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The drama around BPS buses goes ’round and ’round and ’round

The city needs to plan better for getting kids to and from school.

Busses return to the school bus lot on Freeport Street after a morning run to the city's schools on March 9.David L. Ryan/Globe Staff

It’s an unhappy tradition on the first day of school in Boston — across the city, parents hold their breath and hope that the school bus actually arrives to pick up their children.

This year, the company that operates the city’s fleet of yellow school buses had trouble hiring enough drivers, reflecting a nationwide shortage, and as recently as last week the city was warning of possible delays or missed routes. As of Wednesday afternoon, though, the district says it has every route covered.

But that’s only if as many drivers show up at the city’s bus yards as expected — which, at least in Boston, is never a sure thing. By an odd coincidence, driver absenteeism has been known to spike when the city’s contract with the union representing drivers is up for negotiation (the sides signed a short-term extension on Tuesday).


A Boston Public Schools spokesman said the district will have staff at the bus yards starting at 4 a.m. Thursday to monitor for signs of shortfalls. If not enough drivers show up to cover every route, parents should get a message from the district. Those with smartphones can also track buses on the city’s school bus app.

A labor shortage may have sparked the particular challenge this year, but it seems like it’s always something causing drama in a system that 25,000 students rely on to get to school. In recent years, parents have had to deal with missing and delayed buses, an illegal strike, and puzzling schedules, among other snafus.

For a city that spends about $130 million on bus transportation — around a tenth of the school budget, and up from $95 million six years ago — that’s not acceptable. It’s no wonder that when the city agreed to a set of educational reforms last year to stave off a state takeover of the district, the agreement included better transportation on the list, and specifically a requirement to “increase the on-time arrival of school buses on the first day of school.”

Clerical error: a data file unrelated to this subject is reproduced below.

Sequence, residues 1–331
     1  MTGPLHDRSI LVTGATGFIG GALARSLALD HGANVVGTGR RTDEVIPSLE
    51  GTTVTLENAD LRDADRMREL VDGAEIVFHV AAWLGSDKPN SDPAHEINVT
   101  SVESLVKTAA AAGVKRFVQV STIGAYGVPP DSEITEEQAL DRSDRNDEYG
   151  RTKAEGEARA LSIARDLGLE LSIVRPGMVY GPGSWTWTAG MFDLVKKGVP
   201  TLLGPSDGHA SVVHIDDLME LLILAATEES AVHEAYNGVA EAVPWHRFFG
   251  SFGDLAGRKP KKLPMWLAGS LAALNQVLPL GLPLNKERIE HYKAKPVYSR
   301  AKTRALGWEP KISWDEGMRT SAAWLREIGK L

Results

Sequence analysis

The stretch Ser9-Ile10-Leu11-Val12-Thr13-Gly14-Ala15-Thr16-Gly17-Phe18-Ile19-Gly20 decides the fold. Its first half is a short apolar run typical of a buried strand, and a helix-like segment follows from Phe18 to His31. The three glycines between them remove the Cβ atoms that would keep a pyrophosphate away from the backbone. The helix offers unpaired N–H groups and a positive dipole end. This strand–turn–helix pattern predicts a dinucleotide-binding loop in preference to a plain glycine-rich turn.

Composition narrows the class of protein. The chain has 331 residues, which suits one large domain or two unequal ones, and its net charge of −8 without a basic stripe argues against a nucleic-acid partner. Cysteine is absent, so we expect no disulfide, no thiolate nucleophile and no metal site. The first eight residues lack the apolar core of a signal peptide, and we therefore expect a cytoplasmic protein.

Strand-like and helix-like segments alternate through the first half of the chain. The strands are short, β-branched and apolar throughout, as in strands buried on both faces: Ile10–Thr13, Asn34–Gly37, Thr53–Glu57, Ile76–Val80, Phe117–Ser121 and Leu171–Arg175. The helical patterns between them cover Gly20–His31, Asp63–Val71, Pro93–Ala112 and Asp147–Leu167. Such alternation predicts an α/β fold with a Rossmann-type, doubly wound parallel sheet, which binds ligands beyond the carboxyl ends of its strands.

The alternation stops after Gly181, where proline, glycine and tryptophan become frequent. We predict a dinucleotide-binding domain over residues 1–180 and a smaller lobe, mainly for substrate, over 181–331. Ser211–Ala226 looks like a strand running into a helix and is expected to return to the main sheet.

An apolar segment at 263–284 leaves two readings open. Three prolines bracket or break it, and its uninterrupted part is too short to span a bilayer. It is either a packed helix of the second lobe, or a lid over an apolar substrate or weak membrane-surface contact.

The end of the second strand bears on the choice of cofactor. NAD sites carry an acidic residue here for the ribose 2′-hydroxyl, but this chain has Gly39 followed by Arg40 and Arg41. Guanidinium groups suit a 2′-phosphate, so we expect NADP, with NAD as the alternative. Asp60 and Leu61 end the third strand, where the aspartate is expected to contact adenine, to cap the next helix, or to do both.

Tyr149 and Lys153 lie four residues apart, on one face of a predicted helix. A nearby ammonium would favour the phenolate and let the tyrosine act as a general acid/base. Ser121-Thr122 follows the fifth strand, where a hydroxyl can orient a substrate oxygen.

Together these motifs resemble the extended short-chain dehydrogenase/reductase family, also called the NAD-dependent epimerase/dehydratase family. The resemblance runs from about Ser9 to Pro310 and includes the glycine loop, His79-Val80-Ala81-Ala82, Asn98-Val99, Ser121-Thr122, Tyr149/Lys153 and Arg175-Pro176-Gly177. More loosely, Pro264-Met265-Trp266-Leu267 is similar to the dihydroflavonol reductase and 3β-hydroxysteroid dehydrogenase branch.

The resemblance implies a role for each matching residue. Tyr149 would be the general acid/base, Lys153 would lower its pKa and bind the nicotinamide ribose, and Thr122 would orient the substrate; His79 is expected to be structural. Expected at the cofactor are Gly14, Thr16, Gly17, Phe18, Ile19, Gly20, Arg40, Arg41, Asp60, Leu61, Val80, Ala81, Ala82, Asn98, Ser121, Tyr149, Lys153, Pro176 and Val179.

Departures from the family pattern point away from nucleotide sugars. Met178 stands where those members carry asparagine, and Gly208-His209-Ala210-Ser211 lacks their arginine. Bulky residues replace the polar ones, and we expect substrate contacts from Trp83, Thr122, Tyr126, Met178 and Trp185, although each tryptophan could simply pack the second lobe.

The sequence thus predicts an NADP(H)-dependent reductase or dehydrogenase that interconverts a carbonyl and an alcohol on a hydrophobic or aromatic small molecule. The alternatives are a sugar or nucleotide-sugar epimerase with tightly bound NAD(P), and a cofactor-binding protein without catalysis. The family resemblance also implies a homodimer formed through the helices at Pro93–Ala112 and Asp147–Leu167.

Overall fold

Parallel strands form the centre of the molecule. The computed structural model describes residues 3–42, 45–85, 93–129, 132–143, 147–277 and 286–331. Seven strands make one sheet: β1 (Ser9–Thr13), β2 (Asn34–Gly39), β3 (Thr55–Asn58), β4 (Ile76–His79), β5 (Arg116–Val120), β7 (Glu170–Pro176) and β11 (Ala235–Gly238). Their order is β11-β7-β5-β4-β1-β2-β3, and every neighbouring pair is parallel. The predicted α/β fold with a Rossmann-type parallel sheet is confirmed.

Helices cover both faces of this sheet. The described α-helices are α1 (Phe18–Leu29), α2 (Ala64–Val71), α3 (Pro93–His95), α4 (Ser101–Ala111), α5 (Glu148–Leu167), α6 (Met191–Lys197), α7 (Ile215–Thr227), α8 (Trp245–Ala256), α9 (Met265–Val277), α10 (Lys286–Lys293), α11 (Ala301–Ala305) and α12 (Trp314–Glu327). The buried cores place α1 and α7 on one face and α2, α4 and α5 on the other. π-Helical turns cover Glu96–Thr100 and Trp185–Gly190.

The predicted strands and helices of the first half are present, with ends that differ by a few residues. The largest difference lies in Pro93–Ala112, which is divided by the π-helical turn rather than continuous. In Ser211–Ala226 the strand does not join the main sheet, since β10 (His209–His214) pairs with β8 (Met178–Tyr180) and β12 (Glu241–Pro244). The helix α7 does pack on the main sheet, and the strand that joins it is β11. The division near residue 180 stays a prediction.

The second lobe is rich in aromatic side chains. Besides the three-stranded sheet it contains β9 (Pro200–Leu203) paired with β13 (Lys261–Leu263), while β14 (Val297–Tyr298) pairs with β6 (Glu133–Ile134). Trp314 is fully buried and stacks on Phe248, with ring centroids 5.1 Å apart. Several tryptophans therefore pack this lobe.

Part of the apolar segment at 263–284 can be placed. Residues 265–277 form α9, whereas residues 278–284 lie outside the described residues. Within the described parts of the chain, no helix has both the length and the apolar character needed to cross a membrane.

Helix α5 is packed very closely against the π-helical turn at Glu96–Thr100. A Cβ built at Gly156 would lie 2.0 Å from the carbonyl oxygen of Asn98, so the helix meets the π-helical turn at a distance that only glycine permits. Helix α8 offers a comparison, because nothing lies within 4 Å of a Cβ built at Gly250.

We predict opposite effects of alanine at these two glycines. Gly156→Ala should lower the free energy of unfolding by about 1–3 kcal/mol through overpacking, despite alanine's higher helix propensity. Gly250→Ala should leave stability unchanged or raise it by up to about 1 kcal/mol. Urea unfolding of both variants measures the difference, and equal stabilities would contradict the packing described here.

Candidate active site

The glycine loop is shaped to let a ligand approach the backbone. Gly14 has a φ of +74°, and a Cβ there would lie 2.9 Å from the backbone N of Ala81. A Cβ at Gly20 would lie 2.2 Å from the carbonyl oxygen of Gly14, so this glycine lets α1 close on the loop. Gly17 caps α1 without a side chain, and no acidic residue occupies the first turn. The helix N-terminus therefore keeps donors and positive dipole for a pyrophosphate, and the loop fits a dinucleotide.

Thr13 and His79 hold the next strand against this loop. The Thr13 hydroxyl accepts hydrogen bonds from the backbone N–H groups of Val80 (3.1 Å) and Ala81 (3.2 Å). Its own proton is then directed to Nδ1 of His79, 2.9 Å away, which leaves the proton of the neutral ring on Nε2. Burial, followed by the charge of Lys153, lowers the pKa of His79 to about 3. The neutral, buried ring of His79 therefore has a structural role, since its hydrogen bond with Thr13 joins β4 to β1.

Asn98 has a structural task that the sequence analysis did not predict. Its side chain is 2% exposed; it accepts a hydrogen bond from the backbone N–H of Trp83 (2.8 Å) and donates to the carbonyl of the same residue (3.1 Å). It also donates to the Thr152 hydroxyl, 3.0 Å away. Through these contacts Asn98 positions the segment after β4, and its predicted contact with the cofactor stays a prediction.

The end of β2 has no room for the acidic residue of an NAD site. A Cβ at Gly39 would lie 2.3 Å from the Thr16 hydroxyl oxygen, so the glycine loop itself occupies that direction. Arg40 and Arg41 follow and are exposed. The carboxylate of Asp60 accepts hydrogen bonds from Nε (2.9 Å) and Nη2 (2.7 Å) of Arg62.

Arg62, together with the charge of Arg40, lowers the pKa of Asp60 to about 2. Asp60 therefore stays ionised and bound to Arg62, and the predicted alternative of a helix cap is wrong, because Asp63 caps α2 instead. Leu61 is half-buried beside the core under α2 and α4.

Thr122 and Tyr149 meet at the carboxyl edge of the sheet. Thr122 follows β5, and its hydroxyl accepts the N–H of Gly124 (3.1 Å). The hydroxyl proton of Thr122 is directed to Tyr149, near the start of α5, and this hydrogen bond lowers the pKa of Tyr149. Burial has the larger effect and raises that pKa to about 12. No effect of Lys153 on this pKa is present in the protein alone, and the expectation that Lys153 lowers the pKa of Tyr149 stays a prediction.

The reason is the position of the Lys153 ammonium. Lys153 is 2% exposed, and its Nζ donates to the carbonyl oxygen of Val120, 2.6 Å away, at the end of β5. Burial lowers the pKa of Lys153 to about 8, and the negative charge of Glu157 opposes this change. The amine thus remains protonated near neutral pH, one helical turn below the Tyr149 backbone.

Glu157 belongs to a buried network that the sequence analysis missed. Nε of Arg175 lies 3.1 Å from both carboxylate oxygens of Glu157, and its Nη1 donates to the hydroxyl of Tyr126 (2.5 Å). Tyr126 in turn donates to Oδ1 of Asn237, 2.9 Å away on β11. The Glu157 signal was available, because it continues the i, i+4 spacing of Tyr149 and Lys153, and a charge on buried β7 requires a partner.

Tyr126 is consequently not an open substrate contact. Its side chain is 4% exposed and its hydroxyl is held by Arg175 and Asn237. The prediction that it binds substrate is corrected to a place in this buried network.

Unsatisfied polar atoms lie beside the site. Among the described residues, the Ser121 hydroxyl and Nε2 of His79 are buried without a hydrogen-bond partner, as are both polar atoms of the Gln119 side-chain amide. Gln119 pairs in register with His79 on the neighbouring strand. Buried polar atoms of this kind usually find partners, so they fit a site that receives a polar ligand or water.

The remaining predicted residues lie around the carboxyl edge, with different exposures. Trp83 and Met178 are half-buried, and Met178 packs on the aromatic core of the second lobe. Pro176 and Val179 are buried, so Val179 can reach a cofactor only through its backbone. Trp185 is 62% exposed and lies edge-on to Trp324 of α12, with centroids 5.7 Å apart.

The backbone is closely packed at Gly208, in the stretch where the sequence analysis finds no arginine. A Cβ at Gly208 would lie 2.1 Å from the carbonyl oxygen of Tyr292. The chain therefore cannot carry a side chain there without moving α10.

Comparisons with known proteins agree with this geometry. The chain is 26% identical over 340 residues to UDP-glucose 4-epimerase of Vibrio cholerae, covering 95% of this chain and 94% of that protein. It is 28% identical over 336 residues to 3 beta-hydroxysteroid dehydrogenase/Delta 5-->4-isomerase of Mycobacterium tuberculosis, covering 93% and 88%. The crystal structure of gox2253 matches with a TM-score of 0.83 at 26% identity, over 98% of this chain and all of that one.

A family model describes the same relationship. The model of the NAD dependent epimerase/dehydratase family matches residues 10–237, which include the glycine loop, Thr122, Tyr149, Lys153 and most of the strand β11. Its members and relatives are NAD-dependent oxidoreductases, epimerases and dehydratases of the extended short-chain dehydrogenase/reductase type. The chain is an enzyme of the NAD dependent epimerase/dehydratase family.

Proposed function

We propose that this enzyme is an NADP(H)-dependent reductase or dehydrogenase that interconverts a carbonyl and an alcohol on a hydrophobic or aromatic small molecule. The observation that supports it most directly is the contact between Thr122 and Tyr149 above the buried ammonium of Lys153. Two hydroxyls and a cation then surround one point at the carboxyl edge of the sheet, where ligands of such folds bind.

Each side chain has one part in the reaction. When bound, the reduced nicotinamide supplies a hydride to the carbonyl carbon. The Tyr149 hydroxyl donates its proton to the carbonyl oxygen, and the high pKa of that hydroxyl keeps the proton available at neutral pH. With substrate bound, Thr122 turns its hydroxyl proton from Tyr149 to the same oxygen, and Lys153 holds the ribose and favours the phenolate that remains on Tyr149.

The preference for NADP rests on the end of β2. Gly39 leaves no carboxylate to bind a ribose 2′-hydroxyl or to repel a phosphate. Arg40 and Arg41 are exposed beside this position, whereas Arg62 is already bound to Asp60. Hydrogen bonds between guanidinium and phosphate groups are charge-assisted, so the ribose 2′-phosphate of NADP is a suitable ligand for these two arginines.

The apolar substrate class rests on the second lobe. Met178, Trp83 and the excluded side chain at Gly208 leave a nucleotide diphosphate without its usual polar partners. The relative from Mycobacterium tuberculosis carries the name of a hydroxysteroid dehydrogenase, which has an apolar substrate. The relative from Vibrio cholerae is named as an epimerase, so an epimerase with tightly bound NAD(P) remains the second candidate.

Superintendent Brenda Cassellius said the district was making progress on on-time performance before the pandemic. But the root problem is the failure, over many years, of city and district leaders to exercise strong management over the bus system.

One of the problems is that the union representing drivers has repeatedly shown a willingness to use absenteeism as a bargaining strategy, and the city and bus contractor have been unwilling to hold drivers accountable when they do. In 2013, when the union organized an illegal wildcat strike, leaving schoolkids on the curb, several of the leaders were fired, only to be voluntarily rehired. No wonder the district has to worry now that drivers might not show up Thursday. One way to bring some certainty to the first day of school in the future would be to establish a precedent that drivers might lose their jobs if they engage in illegal labor actions. The district could also seek longer contracts so that it doesn’t find itself mired in negotiations so often.

Hopefully, Thursday will go off without a hitch. But the fact that it’s even an open question — that almost every year, parents have to cross their fingers and pray the bus shows up on the first day of school — shouldn’t be accepted as the status quo. Anticipating a crisis, the candidates for mayor have been quick to accuse Acting Mayor Kim Janey of poor planning. By Friday, the city will know whether those criticisms are warranted. But what parents should demand from would-be mayors is a plan to end these yearly soap operas — permanently.


Editorials represent the views of the Boston Globe Editorial Board. Follow us on Twitter at @GlobeOpinion.